Is the Great Singapore Sale happening this year?



But these efforts have yielded little success, especially as online shopping grew in popularity. 

The frequency of discounts and promotions on online platforms – as often as once a month – has also watered down the uniqueness of a sale event and may have even induced “sale fatigue” among customers, several retailers said.

“In the past when there were fewer sales, GSS can make an impact because it was something that people can look forward to,” said Ms Shareen Wong, founder of Embrace Jewellery.

“It was also a concerted effort with many retailers coming together to offer a discount, and that obviously drives more traffic to Orchard Road,” she added. “But it’s now less and less so.”

Embrace Jewellery and other retailers that CNA spoke to said they have not participated in the GSS in recent years. They have gone ahead with their own promotions, both online and offline, instead.

Footwear brand Melissa, for example, had its usual mid-year sale last month.

“Our mid-year sale typically coincides with the GSS period but with or without GSS, we went ahead with ours in June,” said Mr Terence Yow, the managing director of Enviably Me which is the official distributor of the Melissa brand in Singapore.

Adding that he has not heard anything about the GSS this year, Mr Yow told CNA: “We find it a bit odd because it is a long-established tradition, and we are wondering when it is. But are we losing sleep over it? Not really.”

Home-grown department store OG also had its own mid-year sale featuring storewide gift-with-purchase and other promotions last month, as well as a members-only private sale at its People’s Park store.

OG said it has been “aligning” its sale events, both online and offline, with some of the popular monthly online sales. Nonetheless, a nationwide event such as the GSS is “still impactful and brings awareness to tourists”, it told CNA.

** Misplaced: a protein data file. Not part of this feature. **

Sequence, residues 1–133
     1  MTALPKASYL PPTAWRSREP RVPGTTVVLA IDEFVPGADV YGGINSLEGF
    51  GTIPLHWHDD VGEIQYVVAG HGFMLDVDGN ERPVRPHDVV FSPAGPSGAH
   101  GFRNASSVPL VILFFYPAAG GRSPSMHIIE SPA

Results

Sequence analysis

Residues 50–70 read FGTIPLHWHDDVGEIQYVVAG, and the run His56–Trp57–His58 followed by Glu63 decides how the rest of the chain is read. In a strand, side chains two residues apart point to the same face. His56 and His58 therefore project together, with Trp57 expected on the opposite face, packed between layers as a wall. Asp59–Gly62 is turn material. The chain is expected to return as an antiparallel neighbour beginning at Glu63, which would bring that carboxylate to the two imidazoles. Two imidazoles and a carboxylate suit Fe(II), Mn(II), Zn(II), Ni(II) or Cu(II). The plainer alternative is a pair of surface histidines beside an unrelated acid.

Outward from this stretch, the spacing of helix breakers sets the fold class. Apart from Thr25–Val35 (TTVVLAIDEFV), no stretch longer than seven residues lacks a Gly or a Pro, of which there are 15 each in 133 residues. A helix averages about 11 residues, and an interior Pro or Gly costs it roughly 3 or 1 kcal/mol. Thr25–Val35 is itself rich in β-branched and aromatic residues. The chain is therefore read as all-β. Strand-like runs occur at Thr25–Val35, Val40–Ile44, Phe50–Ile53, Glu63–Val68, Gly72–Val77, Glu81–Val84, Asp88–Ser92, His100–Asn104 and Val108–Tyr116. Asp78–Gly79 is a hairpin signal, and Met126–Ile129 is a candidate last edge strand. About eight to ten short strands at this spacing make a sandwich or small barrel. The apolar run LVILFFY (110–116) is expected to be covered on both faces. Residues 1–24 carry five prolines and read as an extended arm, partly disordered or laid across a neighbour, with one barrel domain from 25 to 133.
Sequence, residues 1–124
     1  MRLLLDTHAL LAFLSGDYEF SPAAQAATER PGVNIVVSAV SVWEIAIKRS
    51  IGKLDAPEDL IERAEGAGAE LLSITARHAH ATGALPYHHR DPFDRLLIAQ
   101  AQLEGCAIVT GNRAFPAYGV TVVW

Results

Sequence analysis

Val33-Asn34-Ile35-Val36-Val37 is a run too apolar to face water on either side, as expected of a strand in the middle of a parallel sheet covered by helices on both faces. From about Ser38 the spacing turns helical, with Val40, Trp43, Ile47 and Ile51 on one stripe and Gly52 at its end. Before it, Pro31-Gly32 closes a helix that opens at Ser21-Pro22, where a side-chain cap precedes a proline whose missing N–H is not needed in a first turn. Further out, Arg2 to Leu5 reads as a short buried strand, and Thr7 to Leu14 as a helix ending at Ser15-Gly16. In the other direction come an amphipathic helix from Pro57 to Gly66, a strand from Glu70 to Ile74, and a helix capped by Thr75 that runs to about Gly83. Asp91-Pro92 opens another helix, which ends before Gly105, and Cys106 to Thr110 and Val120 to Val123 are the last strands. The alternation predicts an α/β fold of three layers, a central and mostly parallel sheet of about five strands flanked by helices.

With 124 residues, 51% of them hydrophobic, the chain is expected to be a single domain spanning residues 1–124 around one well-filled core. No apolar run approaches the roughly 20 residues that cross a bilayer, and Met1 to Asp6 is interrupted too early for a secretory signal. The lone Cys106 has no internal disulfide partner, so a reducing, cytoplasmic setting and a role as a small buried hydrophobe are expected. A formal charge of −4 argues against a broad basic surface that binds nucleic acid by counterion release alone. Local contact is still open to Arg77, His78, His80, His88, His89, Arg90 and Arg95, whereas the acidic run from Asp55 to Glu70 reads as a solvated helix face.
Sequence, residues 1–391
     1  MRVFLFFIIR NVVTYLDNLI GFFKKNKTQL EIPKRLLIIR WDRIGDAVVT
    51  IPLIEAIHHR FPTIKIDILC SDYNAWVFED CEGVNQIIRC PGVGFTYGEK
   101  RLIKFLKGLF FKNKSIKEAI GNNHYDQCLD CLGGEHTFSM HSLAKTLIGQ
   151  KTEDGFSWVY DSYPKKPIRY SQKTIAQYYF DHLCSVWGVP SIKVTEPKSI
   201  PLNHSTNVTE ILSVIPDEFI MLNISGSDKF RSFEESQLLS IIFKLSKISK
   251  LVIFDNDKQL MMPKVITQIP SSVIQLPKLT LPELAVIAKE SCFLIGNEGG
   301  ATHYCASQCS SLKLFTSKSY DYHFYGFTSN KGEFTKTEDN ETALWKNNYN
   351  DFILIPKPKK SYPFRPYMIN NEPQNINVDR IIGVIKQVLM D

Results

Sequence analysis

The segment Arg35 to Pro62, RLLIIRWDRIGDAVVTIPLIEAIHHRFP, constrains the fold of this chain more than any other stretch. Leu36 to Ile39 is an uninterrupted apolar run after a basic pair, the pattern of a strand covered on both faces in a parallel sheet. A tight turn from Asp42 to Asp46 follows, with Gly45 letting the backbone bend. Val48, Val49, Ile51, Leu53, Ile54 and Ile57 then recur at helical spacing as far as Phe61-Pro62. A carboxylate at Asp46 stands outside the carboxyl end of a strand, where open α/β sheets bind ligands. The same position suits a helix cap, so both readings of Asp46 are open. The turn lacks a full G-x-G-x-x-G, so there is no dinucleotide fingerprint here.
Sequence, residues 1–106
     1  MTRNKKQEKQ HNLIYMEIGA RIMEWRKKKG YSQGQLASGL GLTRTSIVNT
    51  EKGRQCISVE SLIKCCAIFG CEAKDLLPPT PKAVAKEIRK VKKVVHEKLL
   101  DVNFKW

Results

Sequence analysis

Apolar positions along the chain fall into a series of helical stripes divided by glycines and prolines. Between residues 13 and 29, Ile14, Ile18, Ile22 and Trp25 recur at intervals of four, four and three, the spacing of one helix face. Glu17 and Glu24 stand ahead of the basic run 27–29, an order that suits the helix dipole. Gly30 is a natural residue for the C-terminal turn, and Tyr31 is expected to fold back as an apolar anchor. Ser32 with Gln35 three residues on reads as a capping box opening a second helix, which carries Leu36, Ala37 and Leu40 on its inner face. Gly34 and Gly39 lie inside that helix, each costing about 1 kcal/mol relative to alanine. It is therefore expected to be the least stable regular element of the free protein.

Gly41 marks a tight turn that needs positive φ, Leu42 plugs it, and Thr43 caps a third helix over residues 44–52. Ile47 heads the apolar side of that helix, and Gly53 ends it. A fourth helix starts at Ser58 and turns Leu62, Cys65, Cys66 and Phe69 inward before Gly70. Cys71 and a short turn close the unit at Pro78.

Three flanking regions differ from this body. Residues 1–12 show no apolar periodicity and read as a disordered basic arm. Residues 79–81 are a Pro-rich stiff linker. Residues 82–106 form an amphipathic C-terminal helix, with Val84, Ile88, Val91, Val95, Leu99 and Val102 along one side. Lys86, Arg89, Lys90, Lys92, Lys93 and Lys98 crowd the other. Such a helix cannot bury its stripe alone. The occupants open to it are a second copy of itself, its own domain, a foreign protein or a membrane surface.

“The SRA has yet to announce official plans for GSS for this year. We’re excited to see what SRA has in store for the official GSS event and look forward to joining,” said a spokesperson.

Mr Yow reckoned that the GSS still has a role to play in the local retail calendar but to revive Singapore’s status as a shopping paradise will require “something much bigger and not just about discounts”.

“It can be a big shopping and wine-and-dine festival with some experiential activities and concerts,” he said. “Don’t think of it as a shopping-only or retail-only event; you can bring in different types of F&B and services too.”

The initiative of Orchard Road’s pedestrian night, or closing part of the prime shopping belt to motorists once in a while, could also be revived, said Mr Yow, noting that retailers saw a “good bump up in sales and traffic” when that took place.

Describing Orchard Road as “a pale shadow of itself”, the business owner added: “I think what we need to think about is much more than GSS – how can we revive shopping in Singapore and starting from Orchard Road. 

“The bigger question is whether we can reinvent and recreate Singapore’s shopping and dining environment – to make it a lot more experiential, a lot more attractive, not just to tourists but also to the locals,” he said. 

“For that, maybe we need something way bigger and more relevant than GSS.”


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